Like many people, I enjoy traveling, seeing new places and meeting new people. Two of my favorite places to visit are the wide open spaces of desert areas and historic old cities. These seemingly opposite ends of the travel compass have one thing in common: the ability to look back in history through the layers.
A Grand Canyon vista presents us with a view of the sedimentary rock layers of geological history. A walk around London presents us with a look through the layers of human history. As these landmarks demonstrate, many of our planet’s most sustained and beautiful areas are built on the foundations of the past, leaving a deep layer of history that might be missed by the naked eye because it all works as expected.
In geology and archaeology, we continually find that the new is on the top of what came before it unless great forces intervene. To build a new road, people generally lay down a new surface on the existing road. It is more efficient than forging new paths which can often be difficult and may not reflect where people wish to go.
The same is true of computer systems. Powerful network effects and high switching costs tend to build layers of technology. New frameworks tend to be built on top of existing standards, with each new layer providing a rich new set of functionality. Whether this is Java, .NET, jQuery or Knockout, each builds on the layers that came before.
It is possible to build a completely new technology stack in the same way a new city can arise from empty fields. But these projects typically involve high risk and high costs, and should only be attempted when the benefits justify the cost.
For new web properties, speed to market is essential. There is no need to build an entirely new technology stack to deliver an immersive, impressive site. Most people will agree with this general statement but many will view the foundation of the stack as the operating system, or the web server layer.
I believe we have arrived at the maturity level where web application platforms should be considered part of the computing stack for new projects alongside the operating system and web server. Proven and extensible web application platforms exist today that make building new user databases and new ways of creating, storing and delivering content high risk, high cost and low reward. And here’s why.
We are at that moment when the web application platform layer of the technology stack is settled in to be a part of the future – the same way as the operating system and web server are today. This doesn’t mean stagnation; but instead quite the opposite. Some may think that web application platforms can be rebuilt and recreated, yet only a bold person would suggest building a new operating system and web server to deliver web content. Why is that?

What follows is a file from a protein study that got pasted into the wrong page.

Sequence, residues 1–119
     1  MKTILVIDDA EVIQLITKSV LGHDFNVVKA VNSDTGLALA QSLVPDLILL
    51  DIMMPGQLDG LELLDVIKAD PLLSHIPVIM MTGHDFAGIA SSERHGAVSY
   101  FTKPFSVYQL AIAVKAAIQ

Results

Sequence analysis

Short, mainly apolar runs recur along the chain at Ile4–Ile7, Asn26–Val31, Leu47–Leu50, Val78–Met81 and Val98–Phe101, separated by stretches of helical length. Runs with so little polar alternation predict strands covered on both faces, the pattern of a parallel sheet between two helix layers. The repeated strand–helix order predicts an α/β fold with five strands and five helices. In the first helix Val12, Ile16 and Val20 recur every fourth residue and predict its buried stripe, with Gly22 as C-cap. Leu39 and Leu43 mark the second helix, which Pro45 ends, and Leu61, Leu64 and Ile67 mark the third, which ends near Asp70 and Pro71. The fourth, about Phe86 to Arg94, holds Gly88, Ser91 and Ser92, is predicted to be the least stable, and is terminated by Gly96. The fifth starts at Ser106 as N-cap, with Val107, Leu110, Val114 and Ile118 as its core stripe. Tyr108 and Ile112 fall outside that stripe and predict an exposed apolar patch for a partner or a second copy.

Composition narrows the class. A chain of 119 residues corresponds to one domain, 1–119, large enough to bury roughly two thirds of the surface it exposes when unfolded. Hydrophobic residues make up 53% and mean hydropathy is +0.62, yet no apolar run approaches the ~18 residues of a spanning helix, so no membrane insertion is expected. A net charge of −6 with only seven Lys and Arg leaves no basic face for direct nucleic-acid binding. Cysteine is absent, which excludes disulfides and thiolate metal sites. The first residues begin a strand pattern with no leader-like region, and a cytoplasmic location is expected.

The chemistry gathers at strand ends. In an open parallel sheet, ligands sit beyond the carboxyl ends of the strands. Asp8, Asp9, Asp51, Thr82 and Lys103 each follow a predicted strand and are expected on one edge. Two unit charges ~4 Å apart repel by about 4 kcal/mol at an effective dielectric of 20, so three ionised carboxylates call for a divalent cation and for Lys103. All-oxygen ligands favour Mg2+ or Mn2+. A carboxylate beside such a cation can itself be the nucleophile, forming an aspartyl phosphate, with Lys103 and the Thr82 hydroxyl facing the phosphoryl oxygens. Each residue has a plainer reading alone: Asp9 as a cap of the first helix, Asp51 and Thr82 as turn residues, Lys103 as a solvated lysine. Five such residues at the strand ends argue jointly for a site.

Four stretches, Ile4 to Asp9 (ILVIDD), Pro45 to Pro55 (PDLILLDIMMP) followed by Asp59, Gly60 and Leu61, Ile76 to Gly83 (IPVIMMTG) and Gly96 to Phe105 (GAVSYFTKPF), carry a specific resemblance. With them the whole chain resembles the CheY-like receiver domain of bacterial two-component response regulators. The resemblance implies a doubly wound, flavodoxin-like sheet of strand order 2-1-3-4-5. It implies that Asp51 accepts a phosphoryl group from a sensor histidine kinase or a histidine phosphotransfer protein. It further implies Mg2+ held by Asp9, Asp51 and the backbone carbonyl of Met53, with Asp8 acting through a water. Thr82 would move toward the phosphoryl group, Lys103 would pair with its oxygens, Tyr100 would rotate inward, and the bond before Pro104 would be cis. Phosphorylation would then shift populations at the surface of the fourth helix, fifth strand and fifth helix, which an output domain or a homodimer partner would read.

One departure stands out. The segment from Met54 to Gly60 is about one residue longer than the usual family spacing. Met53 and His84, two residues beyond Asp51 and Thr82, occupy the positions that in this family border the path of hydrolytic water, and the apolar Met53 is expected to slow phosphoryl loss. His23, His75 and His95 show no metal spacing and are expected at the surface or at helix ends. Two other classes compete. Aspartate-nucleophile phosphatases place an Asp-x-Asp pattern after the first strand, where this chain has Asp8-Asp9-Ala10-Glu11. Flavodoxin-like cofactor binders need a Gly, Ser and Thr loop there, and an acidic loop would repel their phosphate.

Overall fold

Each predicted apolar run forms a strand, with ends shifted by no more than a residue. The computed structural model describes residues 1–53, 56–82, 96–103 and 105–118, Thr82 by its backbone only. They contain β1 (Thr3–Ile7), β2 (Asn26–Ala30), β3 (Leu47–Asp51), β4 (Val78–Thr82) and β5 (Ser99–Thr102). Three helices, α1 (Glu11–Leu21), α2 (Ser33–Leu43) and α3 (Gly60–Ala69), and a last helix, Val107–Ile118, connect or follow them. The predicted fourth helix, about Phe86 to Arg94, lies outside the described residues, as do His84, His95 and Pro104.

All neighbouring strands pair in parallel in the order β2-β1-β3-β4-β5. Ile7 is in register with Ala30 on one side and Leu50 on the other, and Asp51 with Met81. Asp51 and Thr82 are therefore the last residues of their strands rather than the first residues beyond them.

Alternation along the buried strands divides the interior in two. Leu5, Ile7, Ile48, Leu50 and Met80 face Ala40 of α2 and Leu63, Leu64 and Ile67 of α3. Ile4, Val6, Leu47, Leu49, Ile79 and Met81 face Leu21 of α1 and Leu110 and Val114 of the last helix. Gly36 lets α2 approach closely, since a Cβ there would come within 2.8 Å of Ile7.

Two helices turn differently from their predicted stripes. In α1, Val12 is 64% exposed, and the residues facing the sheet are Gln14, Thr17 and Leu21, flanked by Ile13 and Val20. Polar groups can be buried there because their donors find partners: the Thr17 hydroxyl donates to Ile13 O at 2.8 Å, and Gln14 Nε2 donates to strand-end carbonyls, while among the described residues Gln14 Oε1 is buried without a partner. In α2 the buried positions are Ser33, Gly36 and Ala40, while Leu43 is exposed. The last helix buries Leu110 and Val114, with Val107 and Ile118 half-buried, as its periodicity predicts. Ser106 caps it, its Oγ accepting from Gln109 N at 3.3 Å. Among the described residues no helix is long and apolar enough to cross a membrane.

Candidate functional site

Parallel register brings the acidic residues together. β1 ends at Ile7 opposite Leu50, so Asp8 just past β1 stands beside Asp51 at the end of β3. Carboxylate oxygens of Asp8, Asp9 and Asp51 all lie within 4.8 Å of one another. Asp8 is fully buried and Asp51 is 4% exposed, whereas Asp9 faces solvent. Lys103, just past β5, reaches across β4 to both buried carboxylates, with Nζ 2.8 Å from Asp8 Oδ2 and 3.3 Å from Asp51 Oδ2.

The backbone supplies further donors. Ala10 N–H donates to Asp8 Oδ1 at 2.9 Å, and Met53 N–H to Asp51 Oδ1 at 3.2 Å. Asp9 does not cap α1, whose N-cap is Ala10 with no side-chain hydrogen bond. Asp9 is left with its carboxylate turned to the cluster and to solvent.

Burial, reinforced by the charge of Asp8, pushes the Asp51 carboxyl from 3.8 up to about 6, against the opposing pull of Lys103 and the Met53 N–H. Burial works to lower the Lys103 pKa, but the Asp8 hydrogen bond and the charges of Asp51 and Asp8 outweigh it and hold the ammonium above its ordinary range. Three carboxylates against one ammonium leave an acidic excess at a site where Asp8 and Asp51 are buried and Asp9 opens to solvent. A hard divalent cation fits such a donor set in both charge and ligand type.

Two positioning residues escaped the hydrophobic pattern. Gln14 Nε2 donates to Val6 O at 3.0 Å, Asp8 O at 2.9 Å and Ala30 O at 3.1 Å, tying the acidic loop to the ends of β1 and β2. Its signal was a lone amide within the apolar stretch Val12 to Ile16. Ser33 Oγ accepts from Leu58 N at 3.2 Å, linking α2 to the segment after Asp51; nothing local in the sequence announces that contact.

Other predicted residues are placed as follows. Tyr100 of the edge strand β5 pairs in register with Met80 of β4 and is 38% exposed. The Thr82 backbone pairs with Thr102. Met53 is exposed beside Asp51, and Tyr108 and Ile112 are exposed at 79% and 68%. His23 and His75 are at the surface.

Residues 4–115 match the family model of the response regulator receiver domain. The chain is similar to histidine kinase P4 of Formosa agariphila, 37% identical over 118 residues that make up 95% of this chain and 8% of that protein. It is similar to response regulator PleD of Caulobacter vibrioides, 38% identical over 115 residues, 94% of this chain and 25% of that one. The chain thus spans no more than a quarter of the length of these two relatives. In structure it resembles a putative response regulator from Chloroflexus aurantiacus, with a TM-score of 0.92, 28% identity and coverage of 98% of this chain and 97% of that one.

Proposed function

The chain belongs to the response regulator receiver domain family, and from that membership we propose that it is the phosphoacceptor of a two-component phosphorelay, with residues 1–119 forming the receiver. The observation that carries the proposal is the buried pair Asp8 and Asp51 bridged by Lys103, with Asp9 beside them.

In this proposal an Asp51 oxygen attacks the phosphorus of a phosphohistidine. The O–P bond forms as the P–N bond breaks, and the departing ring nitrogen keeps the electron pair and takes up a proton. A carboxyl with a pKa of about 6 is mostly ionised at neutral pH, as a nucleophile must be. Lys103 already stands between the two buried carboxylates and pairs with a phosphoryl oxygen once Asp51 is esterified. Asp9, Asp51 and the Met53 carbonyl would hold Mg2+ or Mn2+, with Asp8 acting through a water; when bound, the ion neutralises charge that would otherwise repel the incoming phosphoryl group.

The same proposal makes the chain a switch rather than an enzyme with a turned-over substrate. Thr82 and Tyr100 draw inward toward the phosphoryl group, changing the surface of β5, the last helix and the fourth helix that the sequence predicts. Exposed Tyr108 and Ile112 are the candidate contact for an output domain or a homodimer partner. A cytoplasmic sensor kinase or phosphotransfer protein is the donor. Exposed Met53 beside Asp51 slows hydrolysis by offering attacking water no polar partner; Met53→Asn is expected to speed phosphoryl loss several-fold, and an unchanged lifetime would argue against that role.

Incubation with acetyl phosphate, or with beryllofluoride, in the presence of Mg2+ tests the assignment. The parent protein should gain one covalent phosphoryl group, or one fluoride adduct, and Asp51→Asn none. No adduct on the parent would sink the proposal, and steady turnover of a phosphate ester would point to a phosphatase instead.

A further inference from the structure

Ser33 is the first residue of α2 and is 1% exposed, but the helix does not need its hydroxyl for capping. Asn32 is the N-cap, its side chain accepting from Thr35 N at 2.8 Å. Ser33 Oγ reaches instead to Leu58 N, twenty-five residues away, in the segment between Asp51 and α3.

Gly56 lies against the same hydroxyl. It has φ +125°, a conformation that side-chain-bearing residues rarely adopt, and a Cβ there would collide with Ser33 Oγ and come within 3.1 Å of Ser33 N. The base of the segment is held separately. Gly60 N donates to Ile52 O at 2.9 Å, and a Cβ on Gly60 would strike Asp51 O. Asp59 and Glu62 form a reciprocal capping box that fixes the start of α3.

It appears that the jury is still out on the “right” approach. Many consultants, corporate web teams and hobbyists already build millions of sites with existing web application platforms with customizations of visual design and content only. Yet many still are not – and are built as an entirely new application from the web server layer upward. These invariably suffer the common afflictions of racing past budget constraints and deadlines.
The lowest-risk and highest-reward option is choosing an existing web application platform layer for a project base. This sounds comforting but still requires careful thought and analysis to make the correct choice of web application platform. Not all platforms make stable layers to build upon.
There are always multiple options even if you have decided on major layers like the operating system and web server. Narrowing the field further requires examination of crucial aspects of platforms that drive project success. The successful platforms have much in common:
- They have been tested by the market and are mature products
- Thousands of production examples exist
- They are easily extended through APIs and are usually open source
- There is an extensive community and ecosystem of developers, designers and implementation partners
When we look into history we can see the broad brushes of the future reflected. Roads and buildings of the future will be better but will be built upon the foundations and pathways we have today. Geological forces will shape the ground of tomorrow by depositing new sedimentary layers today.
The web application platform has settled as a layer in the web landscape. The best choice for building on that layer is to choose a solid foundation. “New Project” should no longer mean digging down to the operating system bedrock. An existing, tested, extensible, mature and open source web application platform is now the right place to start. Let the past help build a successful future.
Meet the Author: Bruce Chapman is a product manager for DNN and former CEO of iFinity, which was acquired by DNN in 2012. Bruce has extensive experience in creating a diverse collection of corporate workflow solutions, consumer oriented websites, sales applications, asset registration applications and more.